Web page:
Ubiquitous Arrdc3-null mice were previously described to have increased Ucp1 mRNA expression in subcutaneous adipose depots [6], suggesting increased browning of the white adipose tissue. Here, we found that adipocyte-specific Arrdc3-null female mice had significantly increased mRNA expression of Ucp1 and moderately increased expression of Cidea in the subcutaneous adipose tissue (Fig 2A). No differences were found in the mRNA expression of the other beige adipocyte makers PRDM16 or PGC1α and there was no difference in the expression of the mitochondrial protein ATP synthase 6 (Fig 2A). Importantly, Ucp1 protein expression was also substantially higher in the subcutaneous adipose of the adipocyte-specific Arrdc3-null mice relative to controls (Fig 2B). Whereas there was no significant difference in the mRNA expression of the beige adipocyte genes in the visceral (parametrial) adipose tissue (data not shown), Ucp1 protein expression was highly upregulated in the parametrial adipose tissue of adipocyte-specific Arrdc3-null white adipose depot (Fig 2B). Notably, Ucp1 protein expression was significantly higher in the parametrial adipose of adipocyte-specific Arrdc3-null mice as compared to expression in the subcutaneous adipose tissue (S1 Fig). Male adipocyte-specific Arrdc3-null mice also had no difference in body weights (S2 Fig). Similar to the females, adipocyte-specific Arrdc3-null males had significantly higher mRNA and protein expression of Ucp1 in subcutaneous adipose tissue (S2 Fig) but both control and adipocyte-specific Arrdc3-null male mice had very little expression in the visceral (epidydimal) depot (data not shown). There was no difference in Ucp1 mRNA expression or protein expression in the brown adipose tissue of adipocyte-specific Arrdc3-null mice (data not shown). As male and female adipocyte-specific Arrdc3-null mice had similar phenotypes and as we had previously measured the effect of Arrdc3 ablation on energy expenditure in female mice, we chose to continue our investigation in female mice so that we could reference back to the total null mouse.

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Fig 2. Increased expression of Ucp1 in white adipose tissue of adipocyte-specific Arrdc3-null mice.

(A) Quantitative PCR analysis of gene expression in subcutaneous adipose tissue (n = 5–9). (B) Western analysis of Ucp1 protein expression in subcutaneous (SAT) and parametrial (VAT) adipose tissue. (C) 48 hours of CLAMS analysis of adipocyte-specific Arrdc3-null and control mice at 28°C ambient temperature (n = 5). *p≤ 0.05.

https://doi.org/10.1371/journal.pone.0173823.g002

As increased Ucp1 expression is often associated with an increase in heat production and energy expenditure [2], we tested these parameters in female control and adipocyte-specific Arrdc3-null mice using the comprehensive lab animal monitoring system (CLAMS). There were no differences in food intake or activity between the control and adipocyte-specific Arrdc3-null mice (Fig 2C). Adipocyte-specific Arrdc3-null mice had a small increase in oxygen consumption during the dark period but this was only statistically significant on the first day of measurement (Fig 2C). Similarly, carbon dioxide production and energy expenditure tended to be higher in the adipocyte-specific Arrdc3-null mice on the first day of measurement. Respiratory exchange ratio (RER) tended to be lower in the adipocyte-specific Arrdc3-null mice but only during the first day of measurement (Fig 2C).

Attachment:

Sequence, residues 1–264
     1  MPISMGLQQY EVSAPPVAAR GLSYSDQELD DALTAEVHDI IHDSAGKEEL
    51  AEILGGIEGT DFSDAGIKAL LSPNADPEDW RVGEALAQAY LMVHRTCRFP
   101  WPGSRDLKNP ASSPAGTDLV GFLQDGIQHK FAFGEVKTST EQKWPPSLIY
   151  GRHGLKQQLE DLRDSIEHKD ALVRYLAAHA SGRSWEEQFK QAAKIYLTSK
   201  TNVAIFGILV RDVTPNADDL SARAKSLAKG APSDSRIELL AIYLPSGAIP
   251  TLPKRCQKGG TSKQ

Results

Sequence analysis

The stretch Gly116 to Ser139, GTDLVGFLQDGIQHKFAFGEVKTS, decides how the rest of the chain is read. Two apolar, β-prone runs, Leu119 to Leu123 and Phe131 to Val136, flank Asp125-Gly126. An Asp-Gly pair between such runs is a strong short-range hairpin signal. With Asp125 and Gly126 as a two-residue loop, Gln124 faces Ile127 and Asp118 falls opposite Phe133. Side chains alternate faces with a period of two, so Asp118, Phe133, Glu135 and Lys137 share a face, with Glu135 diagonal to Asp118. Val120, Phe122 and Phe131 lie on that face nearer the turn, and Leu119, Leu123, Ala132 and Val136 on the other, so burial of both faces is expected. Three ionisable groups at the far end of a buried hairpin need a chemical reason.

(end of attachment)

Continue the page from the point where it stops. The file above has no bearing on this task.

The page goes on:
Increased Ucp1 expression is often correlated with non-shivering thermogenesis and an improved maintenance of body temperature during cold exposure (reviewed in [16]). Total Arrdc3-null mice have improved body temperature maintenance after four hours of exposure to 4°C [6]. To determine whether our adipocyte-specific Arrdc3-null mice also had improved protection of body temperature upon cold exposure, we exposed female mice to 4°C for four hours. Overall, control and adipocyte-specific Arrdc3-null mice had similar changes in body temperature. Only at one hour of exposure did the adipocyte-specific Arrdc3-null mice have significantly higher body temperatures (Fig 3A). Increased Ucp1 expression is also often associated with increased glucose tolerance and insulin sensitivity, and total Arrdc3-null mice have improved glucose homeostasis [6]. Female adipocyte-specific Arrdc3-null mice had no difference in fasted blood insulin levels but had a significantly higher glucose-stimulated insulin response (Fig 3B). Adipocyte-specific Arrdc3-null mice had lower blood glucose after fasting overnight (p<0.05 by t-test) and maintained lower glucose concentrations during the course of the glucose tolerance test (Fig 3C). Glucose clearance upon insulin administration in the adipocyte-specific Arrdc3-null mice was not different as compared to controls (Fig 3D).

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Fig 3. Effect of adipocyte-specific deletion of Arrdc3 on body temperature and glucose homeostasis.

(A) Control and adipocyte-specific Arrdc3-null mice were exposed to 4°C for four hours and core body temperature was measured at indicated time points (n = 4). (B) Blood insulin levels of control and adipocyte-specific Arrdc3-null mice after an overnight fast and after 2 minutes of i.p. glucose administration (n = 3). (C) Glucose tolerance testing of control and adipocyte-specific Arrdc3-null mice (n = 3). (D) Insulin tolerance testing of control and adipocyte-specific Arrdc3-null mice (n = 3). *p<0.05.